The original contributions presented in the study are included in the article/Supplementary Material, further inquiries can be directed to the corresponding author/s.

Author Contributions

HA, CM, and KN conceived and designed the experiments. HA, KN, and TY created CRISPR-edited tomato plants. HA, WJ, YT, JK, HK, and KN collected the samples and conducted analyses of the inoculated plants. HK, MI, and CM performed 3D and docking-modeling. HA, KI, CM, and KN discussed the results and drafted and revised the manuscript. All authors contributed to the article and approved the submitted version.

Conflict of Interest

HA and KI were employed by the company Kikkoman Corporation.

The remaining authors declare that the research was conducted in the absence of any commercial or financial relationships that could be construed as a potential conflict of interest.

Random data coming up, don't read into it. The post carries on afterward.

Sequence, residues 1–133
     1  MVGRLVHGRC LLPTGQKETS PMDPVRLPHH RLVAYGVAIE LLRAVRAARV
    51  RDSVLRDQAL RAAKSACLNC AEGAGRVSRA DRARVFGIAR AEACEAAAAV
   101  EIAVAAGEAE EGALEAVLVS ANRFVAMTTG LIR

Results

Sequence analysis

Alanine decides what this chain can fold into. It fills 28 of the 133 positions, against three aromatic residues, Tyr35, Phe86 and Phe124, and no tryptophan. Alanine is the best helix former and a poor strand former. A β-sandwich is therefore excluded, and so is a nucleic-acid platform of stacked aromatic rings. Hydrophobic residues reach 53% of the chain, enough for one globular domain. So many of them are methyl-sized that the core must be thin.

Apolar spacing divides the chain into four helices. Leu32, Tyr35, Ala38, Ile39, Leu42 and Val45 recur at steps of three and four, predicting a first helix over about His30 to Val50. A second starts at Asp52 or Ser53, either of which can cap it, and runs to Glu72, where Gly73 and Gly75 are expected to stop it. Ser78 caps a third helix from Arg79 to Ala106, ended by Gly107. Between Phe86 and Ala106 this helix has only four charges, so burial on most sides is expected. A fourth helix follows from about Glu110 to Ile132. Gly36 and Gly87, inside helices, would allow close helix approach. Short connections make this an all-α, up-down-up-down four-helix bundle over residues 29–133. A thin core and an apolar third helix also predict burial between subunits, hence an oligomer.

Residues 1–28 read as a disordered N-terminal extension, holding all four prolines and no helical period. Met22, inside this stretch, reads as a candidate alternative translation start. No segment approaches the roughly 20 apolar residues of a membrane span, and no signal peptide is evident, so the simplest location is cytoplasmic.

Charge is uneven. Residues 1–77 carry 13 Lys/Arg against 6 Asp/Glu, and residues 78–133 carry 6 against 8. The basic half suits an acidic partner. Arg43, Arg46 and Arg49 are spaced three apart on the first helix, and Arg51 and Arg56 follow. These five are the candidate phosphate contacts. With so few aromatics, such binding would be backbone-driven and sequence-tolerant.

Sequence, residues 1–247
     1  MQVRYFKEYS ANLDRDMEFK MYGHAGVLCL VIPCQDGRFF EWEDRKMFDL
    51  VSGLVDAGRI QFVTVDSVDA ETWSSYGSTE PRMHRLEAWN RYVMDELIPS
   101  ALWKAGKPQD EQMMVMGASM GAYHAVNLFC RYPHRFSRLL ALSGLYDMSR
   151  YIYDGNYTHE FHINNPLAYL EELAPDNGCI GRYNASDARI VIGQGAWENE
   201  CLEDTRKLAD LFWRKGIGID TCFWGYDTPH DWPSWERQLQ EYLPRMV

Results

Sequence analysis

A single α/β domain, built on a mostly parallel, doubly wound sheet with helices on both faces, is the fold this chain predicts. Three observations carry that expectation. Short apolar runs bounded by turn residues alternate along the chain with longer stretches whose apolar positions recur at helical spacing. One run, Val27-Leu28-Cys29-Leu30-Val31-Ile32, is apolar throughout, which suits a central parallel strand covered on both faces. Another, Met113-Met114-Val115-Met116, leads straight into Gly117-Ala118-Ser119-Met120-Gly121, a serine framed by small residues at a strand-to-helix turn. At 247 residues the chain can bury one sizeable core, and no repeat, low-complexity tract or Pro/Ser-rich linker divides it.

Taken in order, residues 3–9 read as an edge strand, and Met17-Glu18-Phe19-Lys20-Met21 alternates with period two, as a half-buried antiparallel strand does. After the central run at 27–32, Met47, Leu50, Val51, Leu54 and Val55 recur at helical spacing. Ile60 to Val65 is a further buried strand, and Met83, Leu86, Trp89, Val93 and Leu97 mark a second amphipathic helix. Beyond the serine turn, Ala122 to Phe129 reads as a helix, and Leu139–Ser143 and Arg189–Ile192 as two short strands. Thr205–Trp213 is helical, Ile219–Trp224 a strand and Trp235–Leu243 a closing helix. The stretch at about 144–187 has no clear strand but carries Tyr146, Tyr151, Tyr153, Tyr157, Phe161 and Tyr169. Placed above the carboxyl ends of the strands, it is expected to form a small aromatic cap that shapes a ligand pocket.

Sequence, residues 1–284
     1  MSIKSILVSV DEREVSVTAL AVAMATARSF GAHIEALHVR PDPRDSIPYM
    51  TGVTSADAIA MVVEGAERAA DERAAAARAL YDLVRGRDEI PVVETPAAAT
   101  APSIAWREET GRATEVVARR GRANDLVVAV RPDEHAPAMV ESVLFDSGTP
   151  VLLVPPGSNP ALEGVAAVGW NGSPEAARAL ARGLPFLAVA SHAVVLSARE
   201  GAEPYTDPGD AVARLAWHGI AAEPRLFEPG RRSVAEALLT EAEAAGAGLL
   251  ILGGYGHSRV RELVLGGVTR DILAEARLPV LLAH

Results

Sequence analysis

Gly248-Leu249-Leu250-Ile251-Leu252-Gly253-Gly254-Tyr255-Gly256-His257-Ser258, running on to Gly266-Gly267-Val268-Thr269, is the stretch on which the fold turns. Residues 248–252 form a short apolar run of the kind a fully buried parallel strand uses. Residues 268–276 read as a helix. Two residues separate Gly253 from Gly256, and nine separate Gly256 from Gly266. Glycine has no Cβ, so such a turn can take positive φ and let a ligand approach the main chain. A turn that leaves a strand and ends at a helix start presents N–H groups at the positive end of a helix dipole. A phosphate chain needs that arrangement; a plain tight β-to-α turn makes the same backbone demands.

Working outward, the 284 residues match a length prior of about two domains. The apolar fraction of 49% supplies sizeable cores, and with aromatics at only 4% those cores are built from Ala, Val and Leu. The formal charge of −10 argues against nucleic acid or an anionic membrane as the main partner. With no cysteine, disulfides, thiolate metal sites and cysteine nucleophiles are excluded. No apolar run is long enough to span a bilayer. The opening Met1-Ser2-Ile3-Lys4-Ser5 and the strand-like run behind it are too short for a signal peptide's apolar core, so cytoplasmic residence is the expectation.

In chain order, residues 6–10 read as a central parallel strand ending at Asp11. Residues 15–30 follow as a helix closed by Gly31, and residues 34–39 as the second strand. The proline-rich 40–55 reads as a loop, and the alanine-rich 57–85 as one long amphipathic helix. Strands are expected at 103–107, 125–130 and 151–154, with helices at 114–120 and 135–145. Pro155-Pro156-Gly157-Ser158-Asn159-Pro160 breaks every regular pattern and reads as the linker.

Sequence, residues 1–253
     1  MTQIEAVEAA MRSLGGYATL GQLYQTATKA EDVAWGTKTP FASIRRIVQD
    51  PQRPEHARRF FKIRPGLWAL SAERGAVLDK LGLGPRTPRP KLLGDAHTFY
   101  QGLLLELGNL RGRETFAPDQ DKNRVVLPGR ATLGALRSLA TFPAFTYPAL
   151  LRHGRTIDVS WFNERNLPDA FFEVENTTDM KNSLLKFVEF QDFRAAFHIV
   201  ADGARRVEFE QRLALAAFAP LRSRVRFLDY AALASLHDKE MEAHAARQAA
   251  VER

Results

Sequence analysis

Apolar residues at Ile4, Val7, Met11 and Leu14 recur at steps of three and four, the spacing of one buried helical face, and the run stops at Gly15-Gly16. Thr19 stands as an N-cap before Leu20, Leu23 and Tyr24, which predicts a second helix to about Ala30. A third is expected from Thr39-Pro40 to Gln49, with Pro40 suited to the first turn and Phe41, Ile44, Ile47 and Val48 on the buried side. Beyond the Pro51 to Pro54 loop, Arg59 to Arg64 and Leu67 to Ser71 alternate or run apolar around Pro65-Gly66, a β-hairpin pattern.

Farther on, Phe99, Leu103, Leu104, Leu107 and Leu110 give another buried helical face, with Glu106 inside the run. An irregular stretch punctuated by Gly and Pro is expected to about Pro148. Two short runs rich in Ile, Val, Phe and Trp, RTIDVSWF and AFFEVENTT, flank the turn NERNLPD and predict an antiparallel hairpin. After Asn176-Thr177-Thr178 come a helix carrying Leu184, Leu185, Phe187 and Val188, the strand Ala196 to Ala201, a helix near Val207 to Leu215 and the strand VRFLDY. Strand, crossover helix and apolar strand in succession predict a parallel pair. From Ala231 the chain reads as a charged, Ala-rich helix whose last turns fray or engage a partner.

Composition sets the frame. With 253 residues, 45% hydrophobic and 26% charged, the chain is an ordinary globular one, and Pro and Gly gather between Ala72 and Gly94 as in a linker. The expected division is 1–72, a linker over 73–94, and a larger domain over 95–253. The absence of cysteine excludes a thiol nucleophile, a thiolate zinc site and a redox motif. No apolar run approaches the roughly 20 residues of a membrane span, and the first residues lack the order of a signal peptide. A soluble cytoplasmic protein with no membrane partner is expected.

We thank Tetsuo Maoka and Masaki Endo (National Agriculture and Food Research Organization, NARO) for providing PVY-N and plasmid vectors, respectively, and for the CRISPR/Cas9 experiments. We thank Teruo Sano, Misao Umehara, Zhila Osmani, Kento Mori, and Kami Murakami for technical assistance with the experiments.

Supplementary Material

The Supplementary Material for this article can be found online at:



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Keywords: recessive resistance, clustered regularly interspaced short palindromic repeats/Cas9, tomato, potato virus Y, cucumber mosaic virus, eIF4E